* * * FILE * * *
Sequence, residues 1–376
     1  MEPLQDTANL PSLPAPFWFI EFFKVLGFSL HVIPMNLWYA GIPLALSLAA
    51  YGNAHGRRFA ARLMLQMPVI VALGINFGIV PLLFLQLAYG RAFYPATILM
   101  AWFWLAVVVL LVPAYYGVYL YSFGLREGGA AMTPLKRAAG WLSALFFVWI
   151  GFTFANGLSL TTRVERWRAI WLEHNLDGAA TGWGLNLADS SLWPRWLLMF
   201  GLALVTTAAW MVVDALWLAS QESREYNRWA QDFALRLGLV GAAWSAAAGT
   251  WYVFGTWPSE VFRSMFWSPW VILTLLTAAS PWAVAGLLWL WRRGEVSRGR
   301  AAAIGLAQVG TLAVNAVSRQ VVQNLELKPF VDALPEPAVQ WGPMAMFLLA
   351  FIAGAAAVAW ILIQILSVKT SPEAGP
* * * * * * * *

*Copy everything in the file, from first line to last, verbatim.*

Sequence, residues 1–376
     1  MEPLQDTANL PSLPAPFWFI EFFKVLGFSL HVIPMNLWYA GIPLALSLAA
    51  YGNAHGRRFA ARLMLQMPVI VALGINFGIV PLLFLQLAYG RAFYPATILM
   101  AWFWLAVVVL LVPAYYGVYL YSFGLREGGA AMTPLKRAAG WLSALFFVWI
   151  GFTFANGLSL TTRVERWRAI WLEHNLDGAA TGWGLNLADS SLWPRWLLMF
   201  GLALVTTAAW MVVDALWLAS QESREYNRWA QDFALRLGLV GAAWSAAAGT
   251  WYVFGTWPSE VFRSMFWSPW VILTLLTAAS PWAVAGLLWL WRRGEVSRGR
   301  AAAIGLAQVG TLAVNAVSRQ VVQNLELKPF VDALPEPAVQ WGPMAMFLLA
   351  FIAGAAAVAW ILIQILSVKT SPEAGP